This seminar was organised by the ASEAN Studies Centre at ISEAS – Yusof Ishak Institute, and delivered by Professor Dr. Evelyn S. Devadason, Professor at the Faculty of Economics and Administration, University of Malaya.
ASEAN STUDIES CENTRE SEMINAR
Tuesday, 27 August 2019 – The ASEAN Studies Centre at ISEAS – Yusof Ishak Institute organised a seminar on “Non-Tariff Measures in ASEAN: Is Protectionism on the Rise?”, delivered by Professor Dr. Evelyn S. Devadason, Professor at the Faculty of Economics and Administration, University of Malaya. The seminar was chaired by Dr. Tham Siew Yean and drew an audience of around 40 academics, diplomats, business people, and members of the public.
Dr Tham Siew Yean (left) chaired the lecture by Prof Evelyn Devadason. (Credit: ISEAS – Yusof Ishak Institute)
First, Professor Devadason set the context of “new protectionism” in the 21st century that includes public policy instruments which serve a dual purpose of a public policy objective, but can also be protectionist. This was generally seen as a North-South issue in the past, but has now moved into the policy space of the South-South agenda, including that of Asia-Pacific economies. ASEAN has recognised that dismantling NTBs and reforming protectionist NTMs is a primary challenge in order to expand intra-regional trade by USD9.2 trillion by 2050, and has set a target to reduce the trade transaction costs incurred by these NTMs by 10% by 2020.
She then highlighted the importance and difficulties in distinguishing protectionist from legitimate NTMs such as sanitary and phytosanitary (SPS) measures and technical barriers to trade (TBTs). Legitimate NTMs serve public policy objectives such as protecting the consumers from concerns such as health and safety issues, but might still contain subtle protectionist elements and can be used to serve protectionist intentions. As these “behind-the-border” policy instruments are qualitative, heterogeneous across products and countries, opaque, difficult to monitor, and their impact is often unclear and difficult to measure, countries tend to misuse NTMs for political reasons. Therefore, looking beyond direct trade barriers is vital; the focus has to be extended to “hidden” protectionism encapsulated in NTMs.
Professor Devadason further explained that there is no clear cut criteria to identify or assess “hidden” protectionism in NTMs, as one country’s legitimate policy concerns may be construed as protectionism in disguise. She described ways of detecting potential “hidden” protectionism and underscored the need to recognise that NTMs are often presented as a package and not as single standalone measures. More importantly, the restrictiveness or complexity of NTMs are compounded by specific procedural requirements involved in complying with any given regulation.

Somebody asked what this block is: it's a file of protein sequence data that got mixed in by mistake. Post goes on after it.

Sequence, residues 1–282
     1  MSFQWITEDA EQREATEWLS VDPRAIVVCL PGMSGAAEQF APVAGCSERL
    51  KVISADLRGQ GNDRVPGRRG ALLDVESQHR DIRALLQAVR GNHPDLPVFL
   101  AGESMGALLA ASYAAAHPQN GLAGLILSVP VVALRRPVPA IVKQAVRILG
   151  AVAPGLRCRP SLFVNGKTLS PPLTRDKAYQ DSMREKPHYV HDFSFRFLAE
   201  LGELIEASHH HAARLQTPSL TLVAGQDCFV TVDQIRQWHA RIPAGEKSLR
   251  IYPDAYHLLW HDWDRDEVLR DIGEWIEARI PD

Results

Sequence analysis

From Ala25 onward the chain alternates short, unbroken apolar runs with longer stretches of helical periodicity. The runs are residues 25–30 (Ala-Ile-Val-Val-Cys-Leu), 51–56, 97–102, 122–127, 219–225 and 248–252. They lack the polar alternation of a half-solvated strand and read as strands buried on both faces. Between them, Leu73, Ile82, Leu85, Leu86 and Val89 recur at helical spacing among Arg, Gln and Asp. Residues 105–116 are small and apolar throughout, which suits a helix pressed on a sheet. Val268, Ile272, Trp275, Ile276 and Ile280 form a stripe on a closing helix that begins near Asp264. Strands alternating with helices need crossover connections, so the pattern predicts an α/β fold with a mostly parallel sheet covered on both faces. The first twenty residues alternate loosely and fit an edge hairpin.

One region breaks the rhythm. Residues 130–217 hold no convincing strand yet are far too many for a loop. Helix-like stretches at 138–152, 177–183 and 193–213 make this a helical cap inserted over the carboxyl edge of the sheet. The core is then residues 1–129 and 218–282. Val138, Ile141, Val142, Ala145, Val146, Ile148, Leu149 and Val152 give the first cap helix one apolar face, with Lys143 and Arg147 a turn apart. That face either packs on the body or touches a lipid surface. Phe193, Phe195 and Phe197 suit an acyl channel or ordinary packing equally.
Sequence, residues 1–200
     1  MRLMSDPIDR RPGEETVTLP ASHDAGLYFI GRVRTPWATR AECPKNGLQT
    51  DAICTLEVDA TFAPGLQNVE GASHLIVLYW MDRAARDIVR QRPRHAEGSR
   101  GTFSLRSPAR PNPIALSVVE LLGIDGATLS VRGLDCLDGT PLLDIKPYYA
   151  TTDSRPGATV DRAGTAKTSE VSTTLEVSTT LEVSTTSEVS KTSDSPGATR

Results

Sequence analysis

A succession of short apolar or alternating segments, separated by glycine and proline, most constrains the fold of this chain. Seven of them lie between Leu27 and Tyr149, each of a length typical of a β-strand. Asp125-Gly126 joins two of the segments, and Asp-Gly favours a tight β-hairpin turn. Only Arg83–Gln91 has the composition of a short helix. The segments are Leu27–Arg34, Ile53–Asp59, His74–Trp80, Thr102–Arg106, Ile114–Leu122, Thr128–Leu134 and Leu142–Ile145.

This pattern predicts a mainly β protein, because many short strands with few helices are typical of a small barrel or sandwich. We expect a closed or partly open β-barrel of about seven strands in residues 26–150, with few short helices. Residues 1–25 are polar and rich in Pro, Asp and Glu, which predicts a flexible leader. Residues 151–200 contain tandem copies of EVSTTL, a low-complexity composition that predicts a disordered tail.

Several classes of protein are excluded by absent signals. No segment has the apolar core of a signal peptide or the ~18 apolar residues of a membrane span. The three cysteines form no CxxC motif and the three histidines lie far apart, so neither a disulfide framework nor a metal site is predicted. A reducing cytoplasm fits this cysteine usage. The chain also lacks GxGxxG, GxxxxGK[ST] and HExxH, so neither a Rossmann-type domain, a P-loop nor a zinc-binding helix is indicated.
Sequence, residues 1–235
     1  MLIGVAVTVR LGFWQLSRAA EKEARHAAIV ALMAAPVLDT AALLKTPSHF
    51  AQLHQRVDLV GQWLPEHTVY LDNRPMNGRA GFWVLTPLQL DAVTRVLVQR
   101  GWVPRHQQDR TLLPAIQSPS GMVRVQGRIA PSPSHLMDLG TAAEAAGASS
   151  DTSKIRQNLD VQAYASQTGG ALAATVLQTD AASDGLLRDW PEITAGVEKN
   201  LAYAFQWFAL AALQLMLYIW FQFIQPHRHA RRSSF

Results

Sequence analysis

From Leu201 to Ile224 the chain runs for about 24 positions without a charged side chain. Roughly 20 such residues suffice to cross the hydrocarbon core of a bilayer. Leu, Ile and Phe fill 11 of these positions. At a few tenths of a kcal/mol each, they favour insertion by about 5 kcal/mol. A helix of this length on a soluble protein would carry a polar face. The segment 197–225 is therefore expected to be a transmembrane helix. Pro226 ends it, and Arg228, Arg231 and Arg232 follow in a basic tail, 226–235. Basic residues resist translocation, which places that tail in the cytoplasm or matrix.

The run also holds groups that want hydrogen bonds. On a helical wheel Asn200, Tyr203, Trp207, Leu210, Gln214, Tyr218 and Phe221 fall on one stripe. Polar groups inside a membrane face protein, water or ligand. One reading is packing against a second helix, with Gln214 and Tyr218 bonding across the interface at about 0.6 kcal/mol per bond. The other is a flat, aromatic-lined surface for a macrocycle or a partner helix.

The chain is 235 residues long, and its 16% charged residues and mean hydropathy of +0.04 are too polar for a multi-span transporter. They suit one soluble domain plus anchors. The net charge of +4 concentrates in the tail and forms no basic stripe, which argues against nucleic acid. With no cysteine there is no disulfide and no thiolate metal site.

A profile of the latest NTMs in ASEAN based on the databank collected by the Economic Research Institute for ASEAN and East Asia (ERIA) and the United Nations Conference on Trade and Development (UNCTAD) was later presented to show the extent and prevalence of NTMs in the region. First, standard-like NTMs (TBTs and SPS) are the most frequent forms of NTMs used in ASEAN and are generally applied on a multilateral basis. Second, agriculture and foodstuffs are subject to a much larger number of standard-like NTMs in ASEAN compared to other sectors. Third, the highest concentration of SPS and TBT measures in ASEAN is related to product characteristics. Fourth, the transparency of SPS and TBTs remains an unresolved issue as some ASEAN member states tend to understate its notifications at the WTO. Finally, low Ad Valorem Equivalents (AVE) do not necessarily reflect efficient import processes.
Examples of “murky” NTMs/NTBs; namely, discriminatory or harmful NTMs, procedural obstacles, and regional regulatory policy divergence were also discussed. Professor Devadason explained that domestic procedural obstacles directly associated with reported standard-like NTMs account for a large part of the “hidden” barriers in ASEAN. As the application and administration of NTMs is generally country-specific, more work is needed to identify these potentially discriminatory but concealed applications in NTMs. She described the reduction of domestic barriers as a low-hanging fruit, as it is much simpler for a country to reform its procedural framework than to pursue reforms at the regional level.
The seminar drew an audience of around 40 academics, diplomats, business people, and members of the public. (Credit: ISEAS – Yusof Ishak Institute)
Lastly, Professor Devadason gave some recommendations for tackling “hidden” protectionism in the region using a two-step approach. First, regulatory reform for new standard-like NTMs at the national-level of member states will remove unnecessary and “hidden” barriers. Second, identifying where regulatory convergence can be promoted at the regional level will reduce opacity and discourage “hidden” protectionism”.